Mazda Engine Plant Baby Step Towards Industry Development
BMI View : The recent consideration by Mazda to develop a car engine plant in Vietnam represents some progress towards the auto industry ' s development. However, we believe that the Vietnamese government needs to simplify tax policies, boost infrastructure spending and enact attractive FDI policies in order to spur industrial growth. Further, we expect to see ongoing investments from component makers in the future due to the fact that Vietnam has one of the lowest labour costs in the region. While these suppliers may be unable to sell much of their products locally due to the lack of auto production, exporting these components from Vietnam is a viable alternative.
According to the Vietnam Investment Review, Japanese carmaker Mazda Co has approached local Vietnam authorities to recommend a suitable location for an US$600mn engine factory which it intends to develop in Vietnam. Currently Vina-Mazda, a member of Truong Hai Auto Co, assembles Mazda sedans in a factory opened last year. As of now, local assemblers mostly import components and such a plant will be an opportunity to increase local content.
|Can Do Much Better|
|Vietnam- Domestic Vehicle Sales & Production, Units|
BMI forecasts production of Vietnamese vehicles to grow at an annual average of 7.2% over the 2013-2016 period, hitting 52,000 units by 2016. Sales on the other hand are forecasted to grow at an annual average of 5.3% from 2013-2016 to hit 100,000 units by 2016. It should be noted that the starting base numbers are low, so such growth rates are expected.
While the materialisation of this project would see Vietnam making progress towards developing its automobile industry, BMI believes much more needs to be done for the industry to experience higher growth rates.
Simplifying Tax Policies: There are currently nine different taxes ranging from registration fee to environmental protection tax imposed on imported cars in Vietnam. BMI has previously highlighted the fact that increased import taxes are making imported cars unaffordable ( see our online piece, August 09, ' Increased Charges Dampen Demand '). We believe that the number of taxes needs to be reduced so as to make the purchase of a car more affordable and less confusing for businesses and consumers.
Investment In Infrastructure: While the Ministry of Industry and Trade (MOIT) has been making efforts to develop the automobile industry, the Ministry of Transport (MOT) and the Ministry of Finance (MOF) are concerned about road congestion and have therefore imposed tariffs on imported cars. Our infrastructure team believes that Vietnam needs greater investment in roads as currently many of her roads are just wide enough for two-wheelers.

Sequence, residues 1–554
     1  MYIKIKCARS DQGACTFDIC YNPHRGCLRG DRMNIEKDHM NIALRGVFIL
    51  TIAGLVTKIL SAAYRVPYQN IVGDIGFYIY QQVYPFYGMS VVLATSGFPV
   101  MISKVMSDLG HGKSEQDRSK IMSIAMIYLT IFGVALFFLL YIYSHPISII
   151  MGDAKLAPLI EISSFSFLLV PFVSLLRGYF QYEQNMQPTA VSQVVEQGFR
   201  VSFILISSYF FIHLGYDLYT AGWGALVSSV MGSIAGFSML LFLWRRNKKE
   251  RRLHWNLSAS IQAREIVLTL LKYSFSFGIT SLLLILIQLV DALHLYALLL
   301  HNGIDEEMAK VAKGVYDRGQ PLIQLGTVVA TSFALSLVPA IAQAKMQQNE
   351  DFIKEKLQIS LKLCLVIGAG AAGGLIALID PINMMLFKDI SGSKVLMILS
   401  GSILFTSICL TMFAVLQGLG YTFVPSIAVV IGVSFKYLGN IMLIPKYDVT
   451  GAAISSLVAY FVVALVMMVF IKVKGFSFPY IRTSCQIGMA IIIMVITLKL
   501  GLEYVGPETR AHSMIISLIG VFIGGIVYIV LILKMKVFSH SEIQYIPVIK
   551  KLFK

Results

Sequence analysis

While the government needs to make a concerted effort to improve Vietnam's road infrastructure to allay the concerns of MOT and MOF and therefore enable all three ministries to work harmoniously to develop Vietnam's automobile sector, we believe it would be a challenge in the short term due to the lack of credit as well as the banking sector's woes. However, it would be easier in the long term with the reforms the banking sector is currently undergoing, as well as the possibility of getting financing from abroad.
Attractive Investment Policies: We believe that the Vietnamese government needs to offer incentives such as tax breaks to attract more foreign direct investment (FDI) into the country. With investments from global automakers in the country, there can be knowledge sharing as well as a transfer of technology with the local players. Currently, most of the auto production in the country is just assembly of cars and that is insufficient for Vietnam to develop a competency in this sector. With FDI, Vietnam would have the chance to move up the value chain of production.
To be sure, while the fledging auto manufacturing industry takes time to gain traction, we believe the component industry could see more investments in the sector. Vietnam has one of the lowest labour costs in the region making it attractive for component manufacturers to base their production facilities in. While they may be unable to sell much of their products locally due to the lack of auto production, exporting these components from Vietnam is a viable alternative.